5. If evacuating your house is the last option because of the heavy typhoon and floods, you must be prepared with your things or survival kit. Listen to any anouncements on the radio, know any alternative route where there is no flood so that you can pass by easily and also for the family to travel safely.

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    1. The Survival Mom

      82% of those reviewers gave the California map 4 or 5 stars. Also, many of the negative ratings are from 2010, 2011. That’s not a bad rating, but if you don’t want to risk it, my family has used Rand McNally and Benchmark is another brand you could look at.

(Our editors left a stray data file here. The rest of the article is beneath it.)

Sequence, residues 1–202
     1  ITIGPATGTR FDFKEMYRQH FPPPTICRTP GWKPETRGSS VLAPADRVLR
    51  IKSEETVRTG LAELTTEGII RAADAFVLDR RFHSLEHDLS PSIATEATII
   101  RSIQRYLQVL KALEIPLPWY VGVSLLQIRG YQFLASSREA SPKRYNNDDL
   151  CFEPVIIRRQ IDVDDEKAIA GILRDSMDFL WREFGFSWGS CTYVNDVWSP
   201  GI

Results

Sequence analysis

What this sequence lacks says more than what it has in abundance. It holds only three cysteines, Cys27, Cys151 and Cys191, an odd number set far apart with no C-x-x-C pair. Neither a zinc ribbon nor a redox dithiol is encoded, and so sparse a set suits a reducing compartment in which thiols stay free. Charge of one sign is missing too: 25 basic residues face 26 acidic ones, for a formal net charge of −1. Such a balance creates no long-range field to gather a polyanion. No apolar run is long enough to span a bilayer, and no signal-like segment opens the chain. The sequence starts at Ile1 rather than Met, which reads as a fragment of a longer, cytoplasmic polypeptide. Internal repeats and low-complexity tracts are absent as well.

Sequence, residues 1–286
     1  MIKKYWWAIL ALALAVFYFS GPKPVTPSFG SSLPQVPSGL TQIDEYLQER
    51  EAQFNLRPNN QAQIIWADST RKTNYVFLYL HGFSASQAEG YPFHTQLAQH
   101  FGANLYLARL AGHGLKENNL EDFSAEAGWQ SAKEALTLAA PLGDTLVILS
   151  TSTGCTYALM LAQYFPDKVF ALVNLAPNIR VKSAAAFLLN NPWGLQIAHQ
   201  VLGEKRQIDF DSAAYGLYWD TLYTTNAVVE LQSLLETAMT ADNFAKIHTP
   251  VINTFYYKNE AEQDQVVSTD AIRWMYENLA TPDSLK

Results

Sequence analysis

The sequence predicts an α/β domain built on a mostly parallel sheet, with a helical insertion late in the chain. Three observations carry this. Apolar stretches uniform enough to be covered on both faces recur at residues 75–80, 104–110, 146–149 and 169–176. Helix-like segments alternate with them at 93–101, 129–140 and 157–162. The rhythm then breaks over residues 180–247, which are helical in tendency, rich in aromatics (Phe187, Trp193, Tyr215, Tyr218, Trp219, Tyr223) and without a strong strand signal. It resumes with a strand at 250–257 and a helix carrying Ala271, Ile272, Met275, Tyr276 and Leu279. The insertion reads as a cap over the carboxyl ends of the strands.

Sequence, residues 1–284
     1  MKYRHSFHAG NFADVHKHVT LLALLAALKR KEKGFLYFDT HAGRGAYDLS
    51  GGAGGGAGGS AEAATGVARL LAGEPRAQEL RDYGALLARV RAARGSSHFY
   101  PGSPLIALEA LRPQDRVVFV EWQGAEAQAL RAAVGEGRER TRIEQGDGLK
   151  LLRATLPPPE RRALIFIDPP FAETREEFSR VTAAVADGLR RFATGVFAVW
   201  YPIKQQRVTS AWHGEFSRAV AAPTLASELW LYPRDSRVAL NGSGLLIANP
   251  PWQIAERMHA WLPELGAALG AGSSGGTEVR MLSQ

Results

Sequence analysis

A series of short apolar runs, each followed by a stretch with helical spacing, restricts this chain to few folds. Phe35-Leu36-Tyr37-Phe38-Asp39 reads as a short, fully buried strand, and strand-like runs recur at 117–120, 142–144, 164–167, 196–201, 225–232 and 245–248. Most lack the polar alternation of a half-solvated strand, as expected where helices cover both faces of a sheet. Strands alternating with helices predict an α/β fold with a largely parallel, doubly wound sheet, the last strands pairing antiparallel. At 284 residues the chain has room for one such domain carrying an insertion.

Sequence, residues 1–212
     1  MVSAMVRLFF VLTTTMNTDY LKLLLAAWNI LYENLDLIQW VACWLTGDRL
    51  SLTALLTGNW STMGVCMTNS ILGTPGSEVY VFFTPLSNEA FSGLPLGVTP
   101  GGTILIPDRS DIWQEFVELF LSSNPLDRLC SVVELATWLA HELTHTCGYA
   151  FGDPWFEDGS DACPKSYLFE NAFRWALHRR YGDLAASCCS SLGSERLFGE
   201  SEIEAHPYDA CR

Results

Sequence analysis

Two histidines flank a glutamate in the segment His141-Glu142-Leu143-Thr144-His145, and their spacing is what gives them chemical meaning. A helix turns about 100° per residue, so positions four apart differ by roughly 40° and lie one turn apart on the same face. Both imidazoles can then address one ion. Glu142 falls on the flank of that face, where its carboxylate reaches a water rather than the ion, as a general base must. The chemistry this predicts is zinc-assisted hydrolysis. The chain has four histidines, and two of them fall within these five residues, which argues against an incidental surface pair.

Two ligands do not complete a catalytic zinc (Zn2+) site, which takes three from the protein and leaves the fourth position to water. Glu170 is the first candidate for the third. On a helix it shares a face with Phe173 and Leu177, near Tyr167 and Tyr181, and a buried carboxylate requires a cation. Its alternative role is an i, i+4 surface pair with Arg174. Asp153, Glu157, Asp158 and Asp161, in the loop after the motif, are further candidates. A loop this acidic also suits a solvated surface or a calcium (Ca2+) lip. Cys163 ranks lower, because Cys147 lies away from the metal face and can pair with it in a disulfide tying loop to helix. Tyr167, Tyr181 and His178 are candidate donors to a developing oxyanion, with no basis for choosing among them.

7. Love reading your posts I hop around on your blog all the time. Loved learning about this map. I do rely on my GPS all the time, her name is Chrisy.
    It has been said that I couldn’t find my oven while standing in my kitchen if I had to follow a map. No my kitchen is not big it is very small I just stink at reading maps.
    Time to learn this skill no joke this time.

  8. Arthur Raynolds

    Thats an awesome idea to teach your youngens map reading. As we have learned, GPS’s tend to route people on poor choices. You have I’m sure seen how these newly created aerial computer maps that the GPS companies use like Google Earth. They guest-timate the location of back road locations, overlaying roads where their are none. To rely on a topo type map of your area, you know for most areas, surveyors physically have walked most of the areas depicted on your map so you know they are accurate. For me, I do not trust aerial maps!

  9. I plan to look at Half Priced Books to see if they might have the older edition. Never know when a family just dumps those things when the parents leave this earth.